For Steinhauer, to be a history communicator means to be part digital humanist, content strategist, marketer, blogger, journalist, lobbyist, and historian.
History Communicators: A Discussion at NCPH 2015
Steinhauer presented his idea for history communicators at the 2015 NCPH annual meeting with Julie Golia (Brooklyn Historical Society), Nicole Hemmer (US News & World Report), and Rebecca Onion (Slate).
Steinhauer began the conversation by explaining how he came up with the idea for history communicators, the work he saw these historical professionals doing, and how public historians stood poised to pioneer the profession.
Steinhauer reiterated his view that the role of academic historians should be to produce scholarship and train students how to read primary sources, skills critical for history communicators. He also admitted that well-trained, academic historians would need to let go of their ideas of the exclusivity of the profession for history communicators to successfully perform their job.
Golia, Hemmer, and Onion served as examples of history communicators and offered insight into the types of work they do to better connect society with its past. All three work as journalists and public history professionals.
When the floor opened for comment, several public historians raised questions about where funding would come from for this type of work and where history communicators would fit into the profession. Their commentary raised the important point that funding cuts have impacted public history sites as much as, or more than, college and university departments. As a result, many public historians also do not have time to interact with the public.
To get a feel for the conversation prompted by this panel, check out “History Communicators is Launched.”
I am a fan of Steinhauer’s idea: history needs history communicators.
With that said, I see three issues we need to tackle before we can create (officially) and integrate this new position into the historical profession.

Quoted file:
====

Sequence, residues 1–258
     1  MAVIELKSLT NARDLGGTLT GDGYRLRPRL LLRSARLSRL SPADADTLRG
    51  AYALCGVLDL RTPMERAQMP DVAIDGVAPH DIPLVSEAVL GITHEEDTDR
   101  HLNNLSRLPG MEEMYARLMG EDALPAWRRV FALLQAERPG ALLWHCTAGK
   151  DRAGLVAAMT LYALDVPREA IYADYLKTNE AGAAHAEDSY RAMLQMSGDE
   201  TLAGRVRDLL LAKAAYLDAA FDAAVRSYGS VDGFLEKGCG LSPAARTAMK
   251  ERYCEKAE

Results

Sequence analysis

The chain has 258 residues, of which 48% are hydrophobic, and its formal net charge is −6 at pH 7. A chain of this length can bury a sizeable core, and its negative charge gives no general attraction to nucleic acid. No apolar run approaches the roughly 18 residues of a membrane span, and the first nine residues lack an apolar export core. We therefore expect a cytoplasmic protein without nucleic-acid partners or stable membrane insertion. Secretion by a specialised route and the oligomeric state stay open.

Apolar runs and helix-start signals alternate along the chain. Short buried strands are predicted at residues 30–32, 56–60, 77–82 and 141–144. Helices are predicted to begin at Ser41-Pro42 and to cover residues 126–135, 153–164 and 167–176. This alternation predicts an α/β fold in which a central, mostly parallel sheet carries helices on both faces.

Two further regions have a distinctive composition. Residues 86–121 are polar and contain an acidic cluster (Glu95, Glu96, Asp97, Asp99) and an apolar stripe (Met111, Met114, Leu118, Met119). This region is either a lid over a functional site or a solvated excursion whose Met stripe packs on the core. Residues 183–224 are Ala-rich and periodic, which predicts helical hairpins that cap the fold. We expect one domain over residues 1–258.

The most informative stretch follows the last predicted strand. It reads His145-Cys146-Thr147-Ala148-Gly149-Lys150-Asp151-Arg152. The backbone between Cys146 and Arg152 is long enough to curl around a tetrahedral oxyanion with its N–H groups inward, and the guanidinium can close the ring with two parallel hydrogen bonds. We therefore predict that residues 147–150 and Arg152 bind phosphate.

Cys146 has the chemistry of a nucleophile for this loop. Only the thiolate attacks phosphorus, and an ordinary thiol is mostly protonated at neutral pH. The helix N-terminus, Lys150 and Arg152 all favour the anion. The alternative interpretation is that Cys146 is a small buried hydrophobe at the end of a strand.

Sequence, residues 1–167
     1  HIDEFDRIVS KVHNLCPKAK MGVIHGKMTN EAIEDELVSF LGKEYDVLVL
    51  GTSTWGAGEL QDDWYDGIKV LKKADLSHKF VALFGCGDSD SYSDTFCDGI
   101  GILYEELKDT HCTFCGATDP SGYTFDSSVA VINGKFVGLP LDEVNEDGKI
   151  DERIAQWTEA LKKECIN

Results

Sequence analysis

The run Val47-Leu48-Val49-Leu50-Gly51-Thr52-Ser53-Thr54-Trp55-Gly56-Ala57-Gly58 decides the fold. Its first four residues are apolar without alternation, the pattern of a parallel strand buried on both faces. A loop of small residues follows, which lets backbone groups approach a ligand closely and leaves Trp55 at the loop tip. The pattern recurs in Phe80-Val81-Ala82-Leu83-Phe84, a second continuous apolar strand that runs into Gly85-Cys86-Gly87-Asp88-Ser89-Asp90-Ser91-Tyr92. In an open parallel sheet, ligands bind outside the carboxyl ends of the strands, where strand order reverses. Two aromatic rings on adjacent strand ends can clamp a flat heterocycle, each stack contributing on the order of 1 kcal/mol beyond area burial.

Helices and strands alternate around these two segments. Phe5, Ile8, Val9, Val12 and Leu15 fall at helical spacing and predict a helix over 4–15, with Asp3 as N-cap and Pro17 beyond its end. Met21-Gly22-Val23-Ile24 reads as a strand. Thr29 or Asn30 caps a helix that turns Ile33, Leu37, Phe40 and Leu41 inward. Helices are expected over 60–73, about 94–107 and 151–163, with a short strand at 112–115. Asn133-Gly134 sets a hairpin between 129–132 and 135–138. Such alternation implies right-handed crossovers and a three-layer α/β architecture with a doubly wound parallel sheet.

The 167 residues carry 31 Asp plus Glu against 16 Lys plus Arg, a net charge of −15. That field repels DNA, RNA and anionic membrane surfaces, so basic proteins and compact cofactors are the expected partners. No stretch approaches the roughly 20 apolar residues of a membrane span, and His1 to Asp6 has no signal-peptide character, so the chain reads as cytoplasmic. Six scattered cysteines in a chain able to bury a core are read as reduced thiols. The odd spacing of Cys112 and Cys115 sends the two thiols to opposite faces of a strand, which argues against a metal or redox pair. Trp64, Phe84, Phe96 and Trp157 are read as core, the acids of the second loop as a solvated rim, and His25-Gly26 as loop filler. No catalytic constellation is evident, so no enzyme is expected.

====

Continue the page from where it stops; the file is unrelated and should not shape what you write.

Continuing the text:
First, we must solve the problem of where history communicators fit into the profession and who will pay them for their work.
It seems to me that nearly every professional historian agrees with the idea that historians need to interact with the public more. The majority of us understand that if we can restore history to the forefront of the public mind then we can fix, or at least lessen, our funding and enrollment problems. With that said, I do not see many colleges, universities, or public history organizations advertising positions for history communicators.
History communication is a job that everyone wants done, but wants someone else to pay for and do.
My passion for both producing serious historical scholarship and communicating it to the public has placed me in “professional historian limbo.” My academic and public colleagues admire and respect my work, but their university and organizational departments have no place for me or other history communicators. Therefore, many of us work without institutional or financial support.
We shouldn't limit history communicators to historians of any specific historical background. The position of history communicator should be open to any professional historian who has the inclination to convey serious scholarship to the public.
Academically-trained historians are in many cases the best equipped historians to be history communicators because they know primary sources, know how they relate to the historiography, and how that historiography relates to the present. It would be best for the discipline if we could find a way to allow their active participation.
Third, we need to develop and integrate training that will enable history communicators to succeed.
We need to find space in our graduate, and possibly undergraduate, programs to add communication, technology, and marketing courses.
History communicators need to know not only history, but how to communicate, market, and place history into our technology-filled world.
We need to add training in writing, marketing, journalism, social media, blogging, podcasting, internet video production, app development, website creation, and, in the near future, virtual reality software to our student curriculums. I know this seems easier said than done.
Steinhauer has presented us with a great idea.
History communicators promises historians a way to return history to the forefront of public consciousness. This accomplishment would not only improve our society, but it may also alleviate our funding and enrollment problems.
On Wednesday, May 13 at 7pm EST, historians interested in history communication and adding history communicators to the profession will gather on Twitter to share ideas.
You can participate by following the hashtag: #histcomm.
*For more on history communicators, see Steinhauer and James Grossman’s “Historians and Public Culture: Widening the Circle of Advocacy."